The largest project to be launched of late, an independent water and power project (IWPP) to be built in Umm Al Houl near one of the country’s three special economic zones (SEZs) about 20 km south of Doha, will likewise make use of RO. The new combined-cycle IWPP, known as Facility D (the fourth such project in Qatar), will have a generation capacity of 2520 MW of electricity and 136.5m gallons of water per day, making it one of the largest such projects in the Middle East.
The project was awarded to Mitsubishi in mid-2015 and will see its first stage completed in 2017, reaching full operation in 2018 at a total cost of QR11bn ($3bn). At that point, it will supply nearly one-quarter of Qatar’s electricity. The project’s sponsors put up 15% of the financing required for the project, with the rest borrowed from local and international banks.
The development process for the IWPP has been fairly straightforward. Kahramaa, which is the sole buyer of power and water produced in the country, first set up a special purpose company, Umm Al Houl Power, to manage the project’s execution on a supervisory level. Bids for a chief developer were then solicited in May 2014, and after being shortlisted the contract was awarded in May 2015 to Mitsubishi, which now owns a 30% stake in Umm Al Houl Power alongside QEWC (60%), Qatar Petroleum (5%) and Qatar Foundation (5%). In its bid, the Japanese firm in turn created a joint venture called K1 Energy, in which it owns 98.5% and Tokyo Electric Power Company owns a 1.5% stake (though this was later increased to 33.3%). Under the contract, K1 Energy will build, own and operate the IWPP for 25 years, selling all of its output to Kahramaa under an exclusive power and water purchase agreement, after which period ownership will be transferred to QEWC.
Other contracts for various components continued to be contracted during the rest of 2015. Towards the end of May the construction package was awarded to Hitachi Zosen, an engineering spin-off of the Japanese conglomerate. Two months later, in July 2015, Mitsubishi subcontracted a $1.8bn package of engineering, procurement and construction works to Samsung, which has carried out similar projects in the UAE and South Korea. By October Samsung had in turn placed an order with German engineering giant Siemens for the plant’s turbine systems, including six gas-fired turbines, four steam turbines and 10 electric generators, as well as technical support for the building and commissioning. “All the major components of the project have now been tendered, from boilers and distillers to turbines and RO systems,” Jamal Ali Al Khalaf, CEO of Umm Al Houl Power, told OBG in November 2015. The foundation stone for the project was laid by Sheikh Abdullah bin Nasser bin Khalifa Al Thani, prime minister and minister of interior, in March 2016.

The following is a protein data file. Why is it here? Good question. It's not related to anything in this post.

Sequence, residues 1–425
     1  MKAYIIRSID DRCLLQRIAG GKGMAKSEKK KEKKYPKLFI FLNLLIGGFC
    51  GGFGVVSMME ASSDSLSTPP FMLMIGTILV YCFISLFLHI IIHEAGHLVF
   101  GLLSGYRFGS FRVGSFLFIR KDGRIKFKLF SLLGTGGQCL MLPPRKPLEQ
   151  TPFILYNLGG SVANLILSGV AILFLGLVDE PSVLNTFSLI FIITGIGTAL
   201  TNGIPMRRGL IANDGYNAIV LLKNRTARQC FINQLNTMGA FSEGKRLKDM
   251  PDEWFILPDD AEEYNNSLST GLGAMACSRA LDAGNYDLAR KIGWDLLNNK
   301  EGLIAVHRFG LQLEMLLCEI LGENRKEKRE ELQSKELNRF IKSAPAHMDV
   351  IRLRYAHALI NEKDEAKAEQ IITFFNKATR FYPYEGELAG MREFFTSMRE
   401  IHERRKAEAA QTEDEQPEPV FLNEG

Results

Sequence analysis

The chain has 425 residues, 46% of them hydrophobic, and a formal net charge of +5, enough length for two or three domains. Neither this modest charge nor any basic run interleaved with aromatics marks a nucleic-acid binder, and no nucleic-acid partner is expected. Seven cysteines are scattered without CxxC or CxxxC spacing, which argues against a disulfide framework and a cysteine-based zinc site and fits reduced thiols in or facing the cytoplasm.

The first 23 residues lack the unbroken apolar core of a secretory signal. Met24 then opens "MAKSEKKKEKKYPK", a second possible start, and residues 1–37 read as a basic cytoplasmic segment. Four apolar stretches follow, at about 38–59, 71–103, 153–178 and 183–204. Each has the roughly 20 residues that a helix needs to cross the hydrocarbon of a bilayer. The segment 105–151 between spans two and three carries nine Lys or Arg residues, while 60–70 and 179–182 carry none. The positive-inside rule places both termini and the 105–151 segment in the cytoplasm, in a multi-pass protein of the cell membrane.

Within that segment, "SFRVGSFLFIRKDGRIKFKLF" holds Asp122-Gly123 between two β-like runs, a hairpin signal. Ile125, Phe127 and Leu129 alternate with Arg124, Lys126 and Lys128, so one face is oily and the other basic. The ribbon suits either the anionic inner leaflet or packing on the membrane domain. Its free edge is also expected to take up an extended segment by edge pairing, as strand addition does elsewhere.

Besides using RO, a further technology advantage of the new IWPP compared with older plants will be its storage facilities. These will be Priestus cylindrical tanks instead of the conventional rectangular ones – the latter are more susceptible to deterioration at the corners, according to Al Khalaf. “Not only does this enable zero leakage, which is guaranteed over the contract period; it also means a faster speed of construction,” he told OBG.
A related challenge for Qatar utilities is the high salinity of the Gulf. At 40 parts per thousand (ppt) or even 50 ppt by some estimates, compared with 34-36 ppt typical for oceans and 38 ppt in the Mediterranean Sea, this affects the life of RO membranes and renders the pre-treatment process more difficult. However, Al Khalaf said the salinity is somewhat less on Qatar’s eastern shore, where the plant is located.
The IWPP’s location has other purposes as well. Situated within Qatar’s new SEZ near Hamad Port – itself wedged between Al Wakrah and Mesaieed Industrial City – the plant will be able to supply water and power to all of these areas with minimal transmission and distribution infrastructure. The SEZ will cater to businesses in light manufacturing, offering a range of incentives and services, with the first handover of land to tenants scheduled for the first quarter of 2018 (see Industry chapter). The nearby $7.4bn Hamad Port will eventually have a capacity of more than 6m containers a year, split between three terminals and covering some 20 sq km. Partial operations at the port commenced in late December 2015, and it is set to receive its first container ships in mid-2016.